I’ll never forget meeting up with a woman I'd known years before and her four-year-old. This woman was the epitome of non-gender-stereotyped: She worked for several years as a date-grower, a physically arduous job; she was independent and neither dressed nor behaved “girly”. But you should’ve seen her when I mistakenly referred to her four-year-old as a girl: You’d have thought I’d mistaken her child for a chimpanzee. She immediately rushed over to her friend who was standing nearby and asked her anxiously, “Does Bertram look like a girl? He’s all boy, right?” Picture my eyes rolling straight out of my skull.
And yes, on more than one occasion my girls were mistaken for boys. More often than not the “offenders” would apologize all over themselves while I reassured them that no offense had been taken. After all, I reminded them, it’s not as if she’s twelve years old―she’s all of four (or three, or two…). If we stop to think about it, what could possibly be insulting about one’s child being mistaken for the other gender? Why is it treated as an accusation? Why do we feel the need to mark our children early on as their gender?
And, while I’m on the subject of female stereotypes, I finally figured out what bugs me about feminists giving their girls “unmistakably female” names, i.e., Ariella (as opposed to Ariel) or Cora (as opposed to Cory). If one believes, as feminists do, that we should be working to eliminate gender stereotyping, then why revert back to it precisely when naming a daughter? Why do something that immediately tags your daughter as a girl (and by society’s extension, a girly-girl)? Words, including our own names, have power; our names are an integral part of our self-image. So why would a feminist want her daughter to start off life with the girliest stereotype there is?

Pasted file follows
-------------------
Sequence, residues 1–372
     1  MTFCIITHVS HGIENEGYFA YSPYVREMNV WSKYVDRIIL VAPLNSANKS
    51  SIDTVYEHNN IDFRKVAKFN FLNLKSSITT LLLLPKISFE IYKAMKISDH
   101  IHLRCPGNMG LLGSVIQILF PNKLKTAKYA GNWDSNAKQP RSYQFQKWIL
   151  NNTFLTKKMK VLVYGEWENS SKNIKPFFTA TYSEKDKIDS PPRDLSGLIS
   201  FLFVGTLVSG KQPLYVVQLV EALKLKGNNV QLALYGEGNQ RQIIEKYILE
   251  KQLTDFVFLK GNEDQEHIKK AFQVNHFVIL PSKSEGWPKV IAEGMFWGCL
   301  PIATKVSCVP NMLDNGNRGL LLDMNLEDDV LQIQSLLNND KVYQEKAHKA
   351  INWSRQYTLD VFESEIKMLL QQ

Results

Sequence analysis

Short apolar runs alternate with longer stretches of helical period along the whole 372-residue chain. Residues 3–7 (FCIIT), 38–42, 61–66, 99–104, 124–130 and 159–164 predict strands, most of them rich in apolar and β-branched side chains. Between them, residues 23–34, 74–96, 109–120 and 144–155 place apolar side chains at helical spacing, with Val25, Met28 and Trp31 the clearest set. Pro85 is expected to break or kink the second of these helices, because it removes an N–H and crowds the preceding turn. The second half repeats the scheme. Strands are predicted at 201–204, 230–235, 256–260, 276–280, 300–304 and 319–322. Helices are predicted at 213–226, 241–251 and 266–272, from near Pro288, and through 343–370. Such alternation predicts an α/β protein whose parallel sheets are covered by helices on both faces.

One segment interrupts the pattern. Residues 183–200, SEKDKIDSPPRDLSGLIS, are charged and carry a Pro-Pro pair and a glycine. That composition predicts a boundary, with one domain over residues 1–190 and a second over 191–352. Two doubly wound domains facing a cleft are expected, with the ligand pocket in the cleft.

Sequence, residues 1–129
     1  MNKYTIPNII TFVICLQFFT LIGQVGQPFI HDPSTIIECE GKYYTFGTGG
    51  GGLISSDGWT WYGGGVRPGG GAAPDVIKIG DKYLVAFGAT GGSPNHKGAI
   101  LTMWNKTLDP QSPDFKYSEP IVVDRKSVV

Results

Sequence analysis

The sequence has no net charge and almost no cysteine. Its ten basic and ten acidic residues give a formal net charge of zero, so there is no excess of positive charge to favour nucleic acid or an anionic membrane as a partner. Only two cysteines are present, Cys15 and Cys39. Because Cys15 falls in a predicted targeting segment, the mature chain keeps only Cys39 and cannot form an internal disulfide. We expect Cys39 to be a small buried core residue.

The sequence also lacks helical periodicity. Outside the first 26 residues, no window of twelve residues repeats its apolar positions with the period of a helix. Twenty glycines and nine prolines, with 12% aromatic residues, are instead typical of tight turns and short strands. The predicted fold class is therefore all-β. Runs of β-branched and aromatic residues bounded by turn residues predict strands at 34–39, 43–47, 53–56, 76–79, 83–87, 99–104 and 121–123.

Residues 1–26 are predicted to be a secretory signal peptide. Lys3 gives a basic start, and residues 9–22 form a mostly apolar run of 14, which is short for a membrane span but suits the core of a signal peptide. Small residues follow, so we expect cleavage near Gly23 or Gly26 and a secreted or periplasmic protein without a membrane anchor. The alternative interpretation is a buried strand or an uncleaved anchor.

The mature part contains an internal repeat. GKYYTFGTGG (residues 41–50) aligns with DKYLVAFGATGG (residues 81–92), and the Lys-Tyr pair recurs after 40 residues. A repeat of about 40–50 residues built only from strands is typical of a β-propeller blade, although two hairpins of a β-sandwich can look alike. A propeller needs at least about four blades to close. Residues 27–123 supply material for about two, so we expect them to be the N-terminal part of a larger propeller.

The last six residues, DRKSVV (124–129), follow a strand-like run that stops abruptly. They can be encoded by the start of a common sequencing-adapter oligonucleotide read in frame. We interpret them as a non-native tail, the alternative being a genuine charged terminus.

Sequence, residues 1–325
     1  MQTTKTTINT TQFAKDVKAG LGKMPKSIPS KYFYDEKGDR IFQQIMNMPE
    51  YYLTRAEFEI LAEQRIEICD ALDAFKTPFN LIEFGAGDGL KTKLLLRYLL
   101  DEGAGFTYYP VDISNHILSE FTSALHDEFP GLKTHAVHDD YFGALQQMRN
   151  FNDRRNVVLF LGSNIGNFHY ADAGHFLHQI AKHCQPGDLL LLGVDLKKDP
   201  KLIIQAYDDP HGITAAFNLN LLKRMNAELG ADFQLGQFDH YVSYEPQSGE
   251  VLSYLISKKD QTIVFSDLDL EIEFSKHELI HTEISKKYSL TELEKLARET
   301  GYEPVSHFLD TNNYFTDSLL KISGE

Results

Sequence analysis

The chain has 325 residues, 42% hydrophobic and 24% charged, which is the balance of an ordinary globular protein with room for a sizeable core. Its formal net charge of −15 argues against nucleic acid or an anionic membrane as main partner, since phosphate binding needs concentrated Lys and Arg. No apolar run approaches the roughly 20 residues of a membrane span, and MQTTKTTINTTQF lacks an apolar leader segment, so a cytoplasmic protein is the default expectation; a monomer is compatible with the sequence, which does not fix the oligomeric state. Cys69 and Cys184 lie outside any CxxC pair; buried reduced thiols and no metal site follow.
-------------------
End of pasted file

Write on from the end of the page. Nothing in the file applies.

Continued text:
* Ever notice that children are only spoken of in these terms up to about age eight? Could it be because until they start developing secondary sexual characteristics, we feel a need to reinforce their (sterotyped) gender?
This just in:עברית
With no less than 151 responses, many echoing what I wrote above, judging from the titles.
More on the " inborn differences" between males and females here.
1. “The baby is fine” - said baby is a five-month fetus. Anyone who has miscarried -- and I know at least two mothers who miscarried at or after this point -- knows that those words are chillingly premature.
2. "She's due in June” - I don’t want to know the gender of your unborn baby - I’m nostalgic about few things, but I wish we could turn the clock back on this one. I look back fondly on the time when we used to hear, “Eve gave birth to a boy. She and the baby are fine”.
Two beliefs color my opposition to parents knowing the gender of their unborn child. One hearkens back to the Biblical Tower of Babel, an allegory about the worship of technology. Just because we can know the sex, does that mean we should? Or, as astutely expressed by Bill Muehlenberg in his discussion of surrogacy, “…all too often, if technology and science can do something, we assume it should be done.”
While it’s nice that pre-natal testing can give us certain information, do we need information that’s not relevant to the baby’s health as well as that which is? Are we willing to surrender our decision-making powers to a technician’s possession of random information? Because to the technician, that’s all it is, so what difference should it make that “s/he knows, but I don’t”? If the technician could tell you your child’s IQ, would you want to know?